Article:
Is there truly a connection between such patriotic rituals and the sports events that follow? This question brings back a memory of Rocky Graziano, who won and lost the middleweight championship within a year during the heyday of boxing. After retiring he wrote an autobiography, Somebody Up There Likes Me, which appealed to my schoolboy fantasies and was made into a successful movie starring Paul Newman. Later, he did the talk show circuit telling amusing stories in heavy Brooklynese. On one of them he said that he hated “The Star-Spangled Banner.” Merv Griffiin or Mike Douglas or whoever it was looked at him incredulously and asked why. Graziano replied quite logically, “I knew that whenever the national anthem was over, someone was going to try to knock me unconscious.”Those of us who are sports fans have heard the National Anthem countless times at stadiums and arenas and on broadcasts, but last year there were months when we had no spectator sports, and we weren’t getting the usual doses of the “Star-Spangled Banner.” Did we become less patriotic with its absence or is that ritualistic singing irrelevant in having a love of America? I had hoped that with the pandemic, we might reassess the connection between sports and patriotism. That seems to be what the Dallas Mavericks were doing, but just as there is “cancel culture,” there is also mandated culture. In this land of the free, you can apparently be required to act in a way some deem patriotic.be

Of course in the olden days when I first started going to sporting events, the venues did not have the fancy screens and scoreboards of today. Just imagine, you were expected to sing the national anthem from memory instead of reading it off a giant display. What does it say about the level of patriotism or the level of education of sports fans today that it now seems essential to provide the words to the spectators?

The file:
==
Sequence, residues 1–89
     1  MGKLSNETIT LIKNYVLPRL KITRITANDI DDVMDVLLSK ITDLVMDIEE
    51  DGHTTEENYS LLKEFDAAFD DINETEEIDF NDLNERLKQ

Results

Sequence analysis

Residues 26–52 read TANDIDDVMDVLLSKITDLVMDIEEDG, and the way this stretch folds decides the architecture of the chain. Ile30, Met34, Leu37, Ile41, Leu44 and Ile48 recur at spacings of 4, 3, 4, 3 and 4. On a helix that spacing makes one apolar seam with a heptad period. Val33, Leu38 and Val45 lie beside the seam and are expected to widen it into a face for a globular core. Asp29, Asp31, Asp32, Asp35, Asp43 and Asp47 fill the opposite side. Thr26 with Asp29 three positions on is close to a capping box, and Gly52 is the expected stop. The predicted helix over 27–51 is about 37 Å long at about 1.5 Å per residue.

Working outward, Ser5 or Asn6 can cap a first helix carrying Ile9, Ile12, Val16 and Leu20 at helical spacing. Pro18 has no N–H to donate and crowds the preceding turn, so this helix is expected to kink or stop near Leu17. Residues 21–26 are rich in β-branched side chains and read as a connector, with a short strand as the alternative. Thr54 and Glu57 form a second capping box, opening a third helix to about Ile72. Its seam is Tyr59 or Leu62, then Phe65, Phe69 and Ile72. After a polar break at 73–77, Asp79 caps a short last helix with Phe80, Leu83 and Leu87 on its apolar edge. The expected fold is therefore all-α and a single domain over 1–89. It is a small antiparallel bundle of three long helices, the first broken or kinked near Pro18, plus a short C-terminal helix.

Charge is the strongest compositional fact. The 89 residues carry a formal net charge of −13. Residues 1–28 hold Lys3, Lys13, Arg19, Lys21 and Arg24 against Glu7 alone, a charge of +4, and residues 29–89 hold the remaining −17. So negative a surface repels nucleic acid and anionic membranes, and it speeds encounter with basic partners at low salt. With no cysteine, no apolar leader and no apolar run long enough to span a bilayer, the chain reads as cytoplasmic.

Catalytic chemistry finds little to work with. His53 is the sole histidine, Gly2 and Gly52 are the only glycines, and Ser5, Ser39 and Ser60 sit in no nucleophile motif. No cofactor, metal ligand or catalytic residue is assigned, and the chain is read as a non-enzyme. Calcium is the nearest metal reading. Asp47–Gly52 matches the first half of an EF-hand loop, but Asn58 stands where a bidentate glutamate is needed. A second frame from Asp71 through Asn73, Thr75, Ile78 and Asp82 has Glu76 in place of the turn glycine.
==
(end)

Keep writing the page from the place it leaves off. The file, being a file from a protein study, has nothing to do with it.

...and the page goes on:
And I was taught back then not to applaud after the anthem to show it proper respect. That aspect of decorum is gone. If there is a connection between the singing and patriotism, then sports fans should love this country much more than those who do not know what a pick-off move is. Or at least sports spectators who are not golf fans should. I have heard it said that professional golfers are the most conservative of professional athletes and that golfers in general are more conservative than those who indulge in other pursuits. I do watch golf on television. Unlike every other televised sporting event I have seen (except maybe for tennis, another upper-class sport), I have never heard the national anthem as part of a golf telecast. May I assume that those at a golf event are less patriotic than those at a football game?  I wonder if our previous Golfer-in-Chief ever sang “The Star-Spangled Banner”—assuming he knows the words—before he plopped down in a golf cart for his frequent eighteen holes. Perhaps if he had sung the National Anthem more, he would have supported the Capitol Police.

That Anthem Again

The Dallas Mavericks stopped playing the National Anthem before their home games. When news outlets reported this, the National Basketball Association proclaimed that all its teams must play the patriotic music before each game. That got me to thinking back to something I posted in 2017 and some other things since then. In slightly modified form, this is the post from April 23, 2017.

The Nationalism Pastime